German Finance Minister Wolfgang Schäuble uses a wheelchair. Malu Dreyer, who will soon take over as governor of Rhineland-Palatinate, is also confined to a wheelchair. So are former chancellors Helmut Schmidt and Helmut Kohl. Indeed, German politics in the last few weeks have been full of wheelchairs.
For Kohl and Schmidt, as elderly former statesmen who continue to influence the country's political life through their historical roles or their comments, mobility is largely immaterial on the public stage.
Schäuble, on the other hand, occupies a key cabinet position while Dreyer is on the eve of her greatest political challenge yet. Given the stresses placed on today's top politicians, the physical limitations these politicians face is very much relevant to the positions they occupy.
For many years, politicians' physical ailments were handled with a degree of discomfiture. When then-Defense Minister Peter Struck suffered a stroke in 2004, initially he didn't talk about it at all, but simply pretended to be healthy, sometimes to bizarre effect. Struck was determined to avoid any doubts being cast on his ability to do his job.
Not quite a decade later, Malu Dreyer has no such problem. She is upfront about the fact that she has multiple sclerosis. She says simply: "I feel strong and I feel healthy."
There are moments when our view of humanity changes radically in a very short span of time. The year 2012 is one such time: Our definition of physical normality is changing and expanding to include people with disabilities.
The Equality between Them
This year has delivered no less than three new stories of people with disabilities, all of which emphasize not the difference between the able-bodied and the disabled, but the equality between them.
First, French film "The Intouchables" opened in movie theaters across Germany. The film portrays quadriplegic Philippe, who chooses as his caretaker not a professional nursing assistant, but instead a tough young man from the projects, Driss, because Philippe knows Driss won't pity him. Together the two men do things that are simply fun, such as speeding through the city in a Maserati and having sex with beautiful women -- the sort of things men dream about, whether disabled or not.
Around 9 million Germans watched this film. They shed a few tears, but more importantly they laughed over the amusing adventures of Driss and his paralyzed boss. The movie offered a light-hearted, cheerful story from the wheelchair world.
Then this summer, billboards went up around Germany showing athletes with disabilities, people who were missing limbs, but still looked strong and beautiful. The Paralympics were taking place in London and the games were well attended, for the first time becoming a festive, major celebration of sports for people with disabilities. In fact, the competition was a major celebration of sports in general, with the word "disability" fading into the background. The athletes who competed in London performed exceptional feats. Period.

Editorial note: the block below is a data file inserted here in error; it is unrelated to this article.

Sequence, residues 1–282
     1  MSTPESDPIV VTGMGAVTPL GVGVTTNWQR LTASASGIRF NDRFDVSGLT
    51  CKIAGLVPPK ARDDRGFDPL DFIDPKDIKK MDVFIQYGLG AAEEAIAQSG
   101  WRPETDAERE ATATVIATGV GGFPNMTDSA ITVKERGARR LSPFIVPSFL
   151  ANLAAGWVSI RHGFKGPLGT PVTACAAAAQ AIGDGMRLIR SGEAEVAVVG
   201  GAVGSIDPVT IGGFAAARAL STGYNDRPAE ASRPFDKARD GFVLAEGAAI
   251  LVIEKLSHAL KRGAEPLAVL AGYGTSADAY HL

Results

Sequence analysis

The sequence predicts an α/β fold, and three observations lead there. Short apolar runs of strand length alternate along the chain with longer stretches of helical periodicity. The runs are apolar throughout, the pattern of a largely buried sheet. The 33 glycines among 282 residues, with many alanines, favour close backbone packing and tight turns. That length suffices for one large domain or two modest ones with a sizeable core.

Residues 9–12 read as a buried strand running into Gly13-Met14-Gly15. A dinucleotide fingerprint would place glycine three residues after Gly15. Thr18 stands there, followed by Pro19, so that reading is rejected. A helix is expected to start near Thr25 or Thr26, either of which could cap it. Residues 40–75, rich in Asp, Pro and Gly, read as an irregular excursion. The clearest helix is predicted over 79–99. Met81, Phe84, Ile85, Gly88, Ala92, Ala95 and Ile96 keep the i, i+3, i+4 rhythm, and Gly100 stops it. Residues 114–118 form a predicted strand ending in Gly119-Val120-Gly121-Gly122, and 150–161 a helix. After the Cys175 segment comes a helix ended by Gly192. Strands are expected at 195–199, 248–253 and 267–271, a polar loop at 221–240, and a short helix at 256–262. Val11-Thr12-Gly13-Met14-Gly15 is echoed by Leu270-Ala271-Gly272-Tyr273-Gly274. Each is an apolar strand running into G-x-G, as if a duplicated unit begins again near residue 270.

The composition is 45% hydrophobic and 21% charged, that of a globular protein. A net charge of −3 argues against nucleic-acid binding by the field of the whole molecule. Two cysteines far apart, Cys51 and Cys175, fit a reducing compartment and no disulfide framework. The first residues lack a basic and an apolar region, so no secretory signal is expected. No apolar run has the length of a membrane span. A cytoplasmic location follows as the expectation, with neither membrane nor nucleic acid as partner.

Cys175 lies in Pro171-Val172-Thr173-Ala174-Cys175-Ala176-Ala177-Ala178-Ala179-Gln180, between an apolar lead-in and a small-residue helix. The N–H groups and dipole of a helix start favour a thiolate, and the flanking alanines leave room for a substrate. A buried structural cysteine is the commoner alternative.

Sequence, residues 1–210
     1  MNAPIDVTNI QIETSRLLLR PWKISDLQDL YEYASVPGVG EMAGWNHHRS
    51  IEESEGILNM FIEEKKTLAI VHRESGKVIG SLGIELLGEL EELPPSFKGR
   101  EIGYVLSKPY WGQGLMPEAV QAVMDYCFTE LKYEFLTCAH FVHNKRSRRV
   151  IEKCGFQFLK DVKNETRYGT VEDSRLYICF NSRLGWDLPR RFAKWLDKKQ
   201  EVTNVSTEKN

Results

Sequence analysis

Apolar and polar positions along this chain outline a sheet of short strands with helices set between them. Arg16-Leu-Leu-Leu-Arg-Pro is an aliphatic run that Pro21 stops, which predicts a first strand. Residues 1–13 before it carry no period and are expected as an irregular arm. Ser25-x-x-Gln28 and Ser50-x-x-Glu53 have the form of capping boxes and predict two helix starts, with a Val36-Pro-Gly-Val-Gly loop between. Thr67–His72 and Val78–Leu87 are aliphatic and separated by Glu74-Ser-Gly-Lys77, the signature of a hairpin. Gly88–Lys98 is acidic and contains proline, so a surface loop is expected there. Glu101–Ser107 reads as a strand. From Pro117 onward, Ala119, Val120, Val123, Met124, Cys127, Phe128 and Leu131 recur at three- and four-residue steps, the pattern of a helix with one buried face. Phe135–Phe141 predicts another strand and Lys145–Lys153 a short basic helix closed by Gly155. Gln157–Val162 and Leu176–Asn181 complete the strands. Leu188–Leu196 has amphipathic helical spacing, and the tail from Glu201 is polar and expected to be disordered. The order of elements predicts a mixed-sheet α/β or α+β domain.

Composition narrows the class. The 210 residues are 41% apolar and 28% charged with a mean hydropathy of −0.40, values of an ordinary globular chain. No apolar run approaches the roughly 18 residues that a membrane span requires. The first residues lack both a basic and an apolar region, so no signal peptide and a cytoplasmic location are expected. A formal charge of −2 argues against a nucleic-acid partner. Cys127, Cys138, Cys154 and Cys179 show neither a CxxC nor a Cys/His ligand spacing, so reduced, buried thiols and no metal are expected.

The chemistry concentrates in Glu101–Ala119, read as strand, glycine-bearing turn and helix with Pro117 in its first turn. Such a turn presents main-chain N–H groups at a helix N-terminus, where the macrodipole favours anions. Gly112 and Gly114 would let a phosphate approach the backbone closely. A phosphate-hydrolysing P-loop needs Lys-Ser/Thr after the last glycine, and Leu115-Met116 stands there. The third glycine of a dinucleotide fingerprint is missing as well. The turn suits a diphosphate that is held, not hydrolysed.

This blurring of the distinction between "normal" and "disabled" was particularly clear in the case of South African sprinter Oscar Pistorius. The double amputee has carbon fiber prosthetics below both knees, and he also competed in the "normal" Olympic Games in London this summer, making it to the 400-meter semifinals. That means Pistorius is one of the 16 best sprinters in the world over that distance.
The third of this year's three stories comes courtesy of German Finance Minister Wolfgang Schäuble, who has proved himself more than equal to the challenges of high-level politics. There had been doubts in previous years, because Schäuble's disability meant he was occasionally unable to fulfill his role. But the finance minister has so far coped with this euro crisis year of 2012 as well as any of his colleagues from the other euro-zone member states.
Paving the Way
Politics in general demand not just normalcy, but super-normalcy. Politicians are expected to be how others dream they would be if they could live up to their own ideals: moral, modest, hard working, clever. The job calls for perfection, for politicians to be superhuman beings in human form, and it's an image that doesn't seem to allow room for physical disability. But Wolfgang Schäuble has changed all that, becoming very much a normal player in the arena of politics. In doing so, he also paved the way for Malu Dreyer.
All these stories offer a clear message: The emancipation movement for people with disabilities has reached a new level. For years, the focus was primarily on accepting their particular differences, making daily life livable by installing curb cuts and auditory cues at crosswalks. Now it's far more a matter of accepting their normalcy.
One example is a billboard that can be seen around Berlin at the moment, promoting inclusion in the form of mainstreamed school classes including both disabled and able-bodied children. The image shows a boy in a wheelchair, and a girl without one. The two are clearly already close, love in the air, and a kiss between these two attractive teenagers seems inevitable. Just as clear is that it will be a kiss between equals.